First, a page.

Drugs for Psoriasis

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Chapter: Essential pharmacology : Drugs Acting On Skin And Mucous Membranes

Psoriasis is an immunological disorder manifesting as localized or widespread erythematous scaling lesions or plaques. There is excessive epidermal proliferation attended by dermal inflammation. Periodic flareups are common.


DRUGS FOR PSORIASIS

 

Psoriasis is an immunological disorder manifesting as localized or widespread erythematous scaling lesions or plaques. There is excessive epidermal proliferation attended by dermal inflammation. Periodic flareups are common. Drugs can diminish the lesions, but cannot cure the disease. Therapy has to be prolonged and adjusted to the severity of disease. Topically applied emollients, keratolytics, antifungals afford variable symptomatic relief, but topical corticosteroids are the primary drugs used. They are very effective in mild-to-moderate disease, and initially even in severe cases. Most patients respond within 3 weeks, and the response may be hastened by applying the steroid under occlusion. Therapy is started with a potent steroid which is substituted after improvement by either weekly application or by a milder preparation. However, they carry their own local and systemic adverse effects, and lesions may progressively become refractory. Systemic therapy with corticosteroids and/or immunosuppressants is reserved for severe and refractory cases. Other topically used drugs are:

 

Calcipotriol

 

It is a synthetic non-hypercalcaemic vit D analogue effective topically in plaque type psoriasis. It binds to the intracellular vit D receptor in epidermal keratinocytes and suppresses their proliferation while enhancing differentiation. On absorption through the skin, it is inactivated rapidly by metabolism so that little systemic effect on calcium metabolism is exerted. Benefit in psoriasis is slow; but most cases respond in 4–8 weeks. Response is maintained till treatment is continued. Efficacy of calcipotriol in psoriasis is rated comparable to a moderate potency topical steroid. Combination with a steroid is more effective than either drug alone. Side effects are skin irritation, erythema and scaling. Hypercalcaemia is rare. It is a safe and effective alternative to steroids, but expensive.

 

DAIVONEX 0.005% oint; apply over psoriatic lesions twice daily.


Tazarotene

 

This synthetic retinoid applied as a topical gel (0.05–0.1%) is moderately effective in psoriasis. It is a prodrug which is hydrolysed in the skin to tezarotenic acid that exerts antiproliferative and anti-inflammatory action by binding to the intracellular retinoic acid receptor and modification of gene function. Combination with a topical steroid/calcipotriol may benefit refractory cases. Skin irritation, burning sensation, peeling are common. These can be minimized by careful application to the plaques only. It is teratogenic.

 

Coaltar

 

This crude preparation containing many phenolic compounds exerts a phototoxic action on the skin when exposed to light, especially UVA, and retards epidermal turnover. Applied as ointment or alcoholic solution on psoriatic plaques (generally with salicylic acid) and exposed to sunlight daily, it induces resolution of psoriatic lesions in majority of cases, but relapses are common. Its use has declined now because of strong smell, cosmetic unacceptability, skin irritation, allergy, and potential for photosensitivity and carcinogenicity.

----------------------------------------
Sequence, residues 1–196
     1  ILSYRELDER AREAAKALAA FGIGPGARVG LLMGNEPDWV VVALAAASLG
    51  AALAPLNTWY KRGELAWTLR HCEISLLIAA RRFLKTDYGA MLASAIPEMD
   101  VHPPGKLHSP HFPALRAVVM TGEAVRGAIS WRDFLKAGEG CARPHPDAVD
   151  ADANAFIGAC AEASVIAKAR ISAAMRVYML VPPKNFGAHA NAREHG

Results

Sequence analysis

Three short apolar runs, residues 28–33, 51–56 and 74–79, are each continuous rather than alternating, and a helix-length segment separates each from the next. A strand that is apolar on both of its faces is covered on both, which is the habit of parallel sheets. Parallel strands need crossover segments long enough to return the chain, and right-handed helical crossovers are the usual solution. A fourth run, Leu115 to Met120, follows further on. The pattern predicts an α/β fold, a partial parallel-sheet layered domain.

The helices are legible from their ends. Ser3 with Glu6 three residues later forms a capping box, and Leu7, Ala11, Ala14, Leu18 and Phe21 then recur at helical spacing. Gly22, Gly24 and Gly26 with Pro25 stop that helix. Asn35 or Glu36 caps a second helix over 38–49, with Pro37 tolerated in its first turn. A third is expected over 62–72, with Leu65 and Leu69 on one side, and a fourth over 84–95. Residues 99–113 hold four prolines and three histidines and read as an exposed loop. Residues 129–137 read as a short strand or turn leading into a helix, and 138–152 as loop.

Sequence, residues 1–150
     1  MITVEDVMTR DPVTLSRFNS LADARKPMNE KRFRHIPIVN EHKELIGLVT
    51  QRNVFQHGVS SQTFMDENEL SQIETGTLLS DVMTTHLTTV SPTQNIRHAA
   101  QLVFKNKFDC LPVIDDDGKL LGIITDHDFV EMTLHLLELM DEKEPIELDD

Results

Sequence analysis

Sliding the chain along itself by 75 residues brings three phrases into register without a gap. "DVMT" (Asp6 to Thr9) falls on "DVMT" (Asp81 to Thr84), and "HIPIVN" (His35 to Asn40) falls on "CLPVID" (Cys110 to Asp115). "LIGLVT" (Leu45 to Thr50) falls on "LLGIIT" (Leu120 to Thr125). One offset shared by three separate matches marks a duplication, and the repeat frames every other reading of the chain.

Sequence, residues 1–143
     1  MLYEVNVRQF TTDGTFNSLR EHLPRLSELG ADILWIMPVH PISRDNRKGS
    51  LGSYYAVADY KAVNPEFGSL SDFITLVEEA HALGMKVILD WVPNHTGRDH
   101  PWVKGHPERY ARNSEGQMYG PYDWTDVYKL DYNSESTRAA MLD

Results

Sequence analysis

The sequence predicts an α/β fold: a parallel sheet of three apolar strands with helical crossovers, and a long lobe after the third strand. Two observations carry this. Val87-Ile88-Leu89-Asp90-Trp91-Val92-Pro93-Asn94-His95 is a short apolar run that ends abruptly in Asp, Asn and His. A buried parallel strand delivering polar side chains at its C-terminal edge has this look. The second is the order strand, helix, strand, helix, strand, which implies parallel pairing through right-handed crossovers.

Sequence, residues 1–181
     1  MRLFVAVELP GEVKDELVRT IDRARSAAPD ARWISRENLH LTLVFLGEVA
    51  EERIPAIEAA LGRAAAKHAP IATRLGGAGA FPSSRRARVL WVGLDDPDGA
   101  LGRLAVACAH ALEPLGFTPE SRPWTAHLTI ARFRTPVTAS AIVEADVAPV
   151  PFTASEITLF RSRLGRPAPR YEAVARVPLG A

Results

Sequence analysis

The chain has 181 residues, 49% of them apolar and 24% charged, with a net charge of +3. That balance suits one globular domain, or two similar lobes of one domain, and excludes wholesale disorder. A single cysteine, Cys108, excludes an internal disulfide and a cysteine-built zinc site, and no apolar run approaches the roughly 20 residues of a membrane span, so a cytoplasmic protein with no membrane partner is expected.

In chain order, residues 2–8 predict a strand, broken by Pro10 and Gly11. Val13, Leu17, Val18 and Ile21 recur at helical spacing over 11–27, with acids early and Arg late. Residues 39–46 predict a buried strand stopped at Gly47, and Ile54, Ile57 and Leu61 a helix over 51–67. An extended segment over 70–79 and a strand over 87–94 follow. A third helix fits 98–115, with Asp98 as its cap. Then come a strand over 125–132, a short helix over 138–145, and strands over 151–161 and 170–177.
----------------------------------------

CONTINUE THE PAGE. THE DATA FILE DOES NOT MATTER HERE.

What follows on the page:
EXETAR: coaltar 6%, salicylic acid 3%, sulfur ppt. 3%, oint.

 

TARSYL: coaltar 1%, salicylic acid 3% lotion.

 

IONAXT: coaltar 4.25%, salicylic acid 2% scalp lotion.

 

Photochemotherapy (PUVA: Psoralen ultraviolet A)

 

Photoactivated psoralen undergoes O2 independent as well as O2 dependent reactions and binds to pyrimidine bases— interferes with DNA synthesis and epithelial cell turnover. PUVA therapy has produced gratifying results in severely debilitating psoriasis, but relapses occur when treatment is stopped. Oral methoxasalen is followed 1–2 hours later by UVA exposure on alternate days. There are serious concerns regarding potential of PUVA to cause skin cancer, cataracts and immunological damage. Being inconvenient and carrying risks, it is reserved for severe cases of psoriasis only.

 

Psoralens have also been used to accelerate tanning—a maximum of 2 weeks treatment has been advised for this purpose. Other applications of PUVA are in lichen planus, urticaria pigmentosa, atopic dermatitis and cutaneous T cell lymphoma.

 

Adverse Effects: Mottling, erythema, burns, blistering, premature ageing of skin, gastric discomfort, nervousness and insomnia.

 

Acitretin

 

It is a synthetic retinoid for oral use in psoriasis, lichen planus, severe ichthyosis, etc. It acts by binding to ‘retinoic acid receptor’ in epidermal cells and regulating their proliferation and maturation. Inflammation is suppressed. Because of frequent and potentially serious adverse effects, use of acitretin is restricted to recalcitrant, pustular and other forms of severe psoriasis. Combination with topical antipsoriatic drugs is advised.

 

Dose: 0.5–0.75 mg/kg/day oral;

 

ACITRIN 10, 25 mg tab.

 

Dryness of skin and eyes, gingivitis, erythema and scaling of skin, alopecia, arthralgia, myalgia, lipid abnormalities and liver damage are the important adverse effects. Elimination of acitretin is very slow (taking months) because of accumulation in body fat. It is highly teratogenic. Women taking acitretin must not conceive during and till 3 years after stopping it. Drinking alcohol should be prohibited during and till 3 months after acitretin use.

 

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